At the time of this posting, Home Depot has a promo bundle where you can get the tool-only M18 Fuel hammer drill with a bonus charger, 5Ah battery, and 2Ah battery. The tool-only drill/driver is regularly $189, and the tool-only hammer drill is $199. But here, you get the hammer drill, 2x batteries, and a charger, for $199.
Do you see what I mean about how the M18 Fuel hammer drill is worth looking at over the drill/driver, even if you don’t plan on drilling into masonry materials?
Best Milwaukee Cordless Drill Where Size Matters
Milwaukee did a great job with their latest M12 Fuel cordless hammer drill, model 3404.
It’s compact, powerful enough for most light to medium duty tasks, and comfortable to use (at least in my opinion). These are Milwaukee’s best M12 Fuel cordless drills to date.
As with the M18 Fuel drills, the M12 Fuel hammer drill (3404) is featured in more deals and promos than the non-hammer drill (3403). If you just want a cordless drill without hammer function, you can save $10.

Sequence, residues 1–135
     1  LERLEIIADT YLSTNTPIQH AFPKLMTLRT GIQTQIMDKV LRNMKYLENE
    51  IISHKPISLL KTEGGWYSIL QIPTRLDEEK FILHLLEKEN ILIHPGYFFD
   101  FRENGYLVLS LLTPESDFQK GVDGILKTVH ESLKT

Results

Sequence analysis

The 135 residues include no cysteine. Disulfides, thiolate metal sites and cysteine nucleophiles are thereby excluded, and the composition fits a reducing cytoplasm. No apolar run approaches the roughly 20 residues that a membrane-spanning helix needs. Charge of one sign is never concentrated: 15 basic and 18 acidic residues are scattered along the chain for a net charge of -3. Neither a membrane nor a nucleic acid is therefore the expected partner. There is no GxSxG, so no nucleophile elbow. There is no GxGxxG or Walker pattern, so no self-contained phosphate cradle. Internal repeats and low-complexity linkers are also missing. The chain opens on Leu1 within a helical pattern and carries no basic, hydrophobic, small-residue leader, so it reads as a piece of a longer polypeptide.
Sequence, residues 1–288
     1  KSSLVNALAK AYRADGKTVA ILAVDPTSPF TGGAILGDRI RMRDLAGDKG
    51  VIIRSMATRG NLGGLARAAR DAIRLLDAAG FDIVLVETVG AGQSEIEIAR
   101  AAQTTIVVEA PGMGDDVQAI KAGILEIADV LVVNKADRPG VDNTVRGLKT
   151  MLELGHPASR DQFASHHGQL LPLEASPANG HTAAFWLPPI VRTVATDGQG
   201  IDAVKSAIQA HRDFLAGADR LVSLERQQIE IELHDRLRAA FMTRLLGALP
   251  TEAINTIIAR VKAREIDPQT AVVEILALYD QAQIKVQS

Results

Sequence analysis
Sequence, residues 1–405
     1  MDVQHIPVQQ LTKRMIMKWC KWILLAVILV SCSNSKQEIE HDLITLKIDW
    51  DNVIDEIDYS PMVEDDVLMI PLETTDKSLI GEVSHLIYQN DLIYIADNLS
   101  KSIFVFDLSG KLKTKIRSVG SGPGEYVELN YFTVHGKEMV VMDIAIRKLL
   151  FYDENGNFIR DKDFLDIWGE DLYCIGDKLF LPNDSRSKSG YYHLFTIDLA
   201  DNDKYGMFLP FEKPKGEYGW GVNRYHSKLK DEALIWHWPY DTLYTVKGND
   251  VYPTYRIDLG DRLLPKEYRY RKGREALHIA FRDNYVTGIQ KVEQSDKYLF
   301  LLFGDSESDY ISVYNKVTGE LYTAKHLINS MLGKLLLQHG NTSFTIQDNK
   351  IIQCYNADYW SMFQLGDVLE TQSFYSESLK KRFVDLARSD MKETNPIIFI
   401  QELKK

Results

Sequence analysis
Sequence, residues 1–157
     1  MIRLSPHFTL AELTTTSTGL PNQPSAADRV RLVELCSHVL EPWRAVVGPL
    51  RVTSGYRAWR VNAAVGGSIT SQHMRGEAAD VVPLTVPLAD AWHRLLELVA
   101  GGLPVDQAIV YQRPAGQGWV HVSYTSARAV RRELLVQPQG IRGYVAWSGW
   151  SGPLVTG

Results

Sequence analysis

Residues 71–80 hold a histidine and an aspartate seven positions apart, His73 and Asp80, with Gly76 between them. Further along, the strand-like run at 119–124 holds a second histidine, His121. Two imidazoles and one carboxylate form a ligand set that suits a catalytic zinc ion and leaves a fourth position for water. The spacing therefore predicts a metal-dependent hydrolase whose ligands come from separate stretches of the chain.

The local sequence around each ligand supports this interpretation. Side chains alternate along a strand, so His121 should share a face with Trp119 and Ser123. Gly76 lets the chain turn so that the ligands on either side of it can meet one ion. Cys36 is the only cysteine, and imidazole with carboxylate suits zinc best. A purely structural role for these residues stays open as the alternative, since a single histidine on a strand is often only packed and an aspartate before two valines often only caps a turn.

Personally, I tend to favor compact 18V-class cordless drills over the M12 Fuel, as the nature of how M12 batteries attach to the drill makes the handle thicker. I feel that the ergonomics have gotten better with each revision, and it’s hard to argue with the small size and light weight of these drills.
The M12 Fuel hammer drill can be a good one-and-only compact drill, or a complement to a higher power 18V-class model.
Milwaukee makes it highly compelling for tool users to upgrade to the latest M12 Fuel hammer drill and brushless impact driver at the same time.
If you’re interested in the Milwaukee M12 Fuel hammer drill, you might want to consider the 2pc hammer drill and impact driver combo kit for just $20 more.